4. Make it interactive
Having an interactive website is a good method of user experience optimisation. It makes the user feel less like you are talking at them and more like you are having an interesting conversation.
Encouraging users to leave a review not only generates electronic word of mouth but also helps the consumer to directly interact with your company. Adding a contact form or an instant messaging tool to your site is a positive way of gaining useful feedback and in turn, this makes the consumer feel valued.
Adding buttons that link to a company’s social media pages is also a great way to start conversations and it encourages visitors to share your content.
5. Ensure quick load speeds
It is a good idea to conduct a speed test to get an accurate reading of how quickly your website loads.
According to Google, a page should take around 3 seconds to load. If your website is sluggish, then opting for a reliable website host is a good place to start.
There are a number of other reasons why your website might slow, but one of the big factors is image size and format. A shocking 39% of users will stop engaging with a website if the images are taking too long to load.
Managing the pixel dimensions of images and converting them to JPEG format can make a page load quicker and make for crisp displays.
6. Make it mobile-friendly
As you can probably tell, keeping to Google’s high standards is a good rule of thumb in user optimisation. Google tends to prioritise websites that are optimised for mobile.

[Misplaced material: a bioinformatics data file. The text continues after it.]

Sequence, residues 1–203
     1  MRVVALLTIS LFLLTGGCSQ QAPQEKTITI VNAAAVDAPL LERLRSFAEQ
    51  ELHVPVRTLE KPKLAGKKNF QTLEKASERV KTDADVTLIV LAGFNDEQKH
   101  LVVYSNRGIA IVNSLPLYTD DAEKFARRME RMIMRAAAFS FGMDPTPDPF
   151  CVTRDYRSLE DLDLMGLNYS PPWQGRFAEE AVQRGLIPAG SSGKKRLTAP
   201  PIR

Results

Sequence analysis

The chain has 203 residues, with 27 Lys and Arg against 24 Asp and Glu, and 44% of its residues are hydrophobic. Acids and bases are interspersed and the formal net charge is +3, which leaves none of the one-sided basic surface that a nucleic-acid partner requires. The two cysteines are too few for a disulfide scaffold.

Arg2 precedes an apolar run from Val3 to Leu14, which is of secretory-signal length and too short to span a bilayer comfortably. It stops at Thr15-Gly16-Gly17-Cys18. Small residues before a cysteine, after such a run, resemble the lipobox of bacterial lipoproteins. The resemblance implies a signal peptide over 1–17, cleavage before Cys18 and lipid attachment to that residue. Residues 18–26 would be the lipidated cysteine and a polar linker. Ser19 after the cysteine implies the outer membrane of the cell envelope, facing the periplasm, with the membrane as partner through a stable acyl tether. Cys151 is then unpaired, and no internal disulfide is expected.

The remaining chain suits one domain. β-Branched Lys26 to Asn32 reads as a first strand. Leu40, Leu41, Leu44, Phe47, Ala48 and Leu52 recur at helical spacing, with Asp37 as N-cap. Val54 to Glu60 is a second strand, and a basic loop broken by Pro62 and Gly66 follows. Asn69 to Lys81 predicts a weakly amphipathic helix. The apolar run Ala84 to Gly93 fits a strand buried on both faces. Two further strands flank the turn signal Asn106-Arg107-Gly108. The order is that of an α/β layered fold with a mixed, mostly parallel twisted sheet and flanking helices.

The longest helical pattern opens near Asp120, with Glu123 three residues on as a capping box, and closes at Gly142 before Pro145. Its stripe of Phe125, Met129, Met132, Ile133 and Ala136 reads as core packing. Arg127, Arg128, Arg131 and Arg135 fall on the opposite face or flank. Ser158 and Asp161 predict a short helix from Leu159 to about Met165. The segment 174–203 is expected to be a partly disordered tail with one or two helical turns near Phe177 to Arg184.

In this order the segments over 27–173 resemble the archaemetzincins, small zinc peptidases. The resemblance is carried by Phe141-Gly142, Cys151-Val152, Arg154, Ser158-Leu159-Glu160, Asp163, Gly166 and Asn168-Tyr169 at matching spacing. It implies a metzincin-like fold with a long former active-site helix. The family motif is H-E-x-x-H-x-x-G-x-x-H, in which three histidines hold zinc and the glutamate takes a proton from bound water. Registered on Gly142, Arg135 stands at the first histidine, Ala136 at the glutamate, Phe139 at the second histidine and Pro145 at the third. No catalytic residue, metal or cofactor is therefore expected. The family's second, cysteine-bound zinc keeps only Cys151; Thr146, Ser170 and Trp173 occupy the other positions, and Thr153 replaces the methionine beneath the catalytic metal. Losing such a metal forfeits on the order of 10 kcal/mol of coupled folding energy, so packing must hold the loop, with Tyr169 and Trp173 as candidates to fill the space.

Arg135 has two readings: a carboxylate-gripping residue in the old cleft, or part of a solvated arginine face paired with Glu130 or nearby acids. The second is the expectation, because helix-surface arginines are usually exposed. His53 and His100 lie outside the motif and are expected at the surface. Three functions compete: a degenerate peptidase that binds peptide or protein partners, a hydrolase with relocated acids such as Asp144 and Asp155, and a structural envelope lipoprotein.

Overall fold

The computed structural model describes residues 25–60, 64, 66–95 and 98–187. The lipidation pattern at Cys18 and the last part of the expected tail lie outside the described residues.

Users like them too; as many people prefer to use mobile rather than desktops when browsing websites. Interestingly enough, customers are even 5 times more likely to abandon a task if the website is not optimised for mobile.
Not only will a mobile-friendly platform help you to build good SEO value with Google, but it can also help your business to reach a wider audience.
Limiting pop-ups and using percentage widths ensures users don’t have to scroll horizontally, are all key ways to make your website mobile-friendly.
7. Test Usability
So, you may have read this post and are currently thinking that your website achieves all of these user optimisations tips already – but there is only one way to find out!
If you have a small budget and a new website, it might be worth engaging in hallway testing, whereby random people test your website and give feedback. This can be particularly useful if your website is in the development stage.
Automated usability testing applies specialised software that can help you get a more accurate reading of performance issues. It simulates the multiple scenarios in which people could find and use your website through testing different consumer behaviours on different devices and browsers.
Whatever path you choose in order to test your user experience, it is important to remember the five goals of usability; efficiency, effectiveness, engagement, error tolerance and ease of learning.
User experience optimisation should be the primary objective for your website. However, it is important to bear in mind that this is an ongoing process. Google metrics and customer behaviour are in a constant state of flux. Making sure your customers are happy, reacting to user feedback and making your website as responsive and easy to use as possible are good goals to aim for in the future.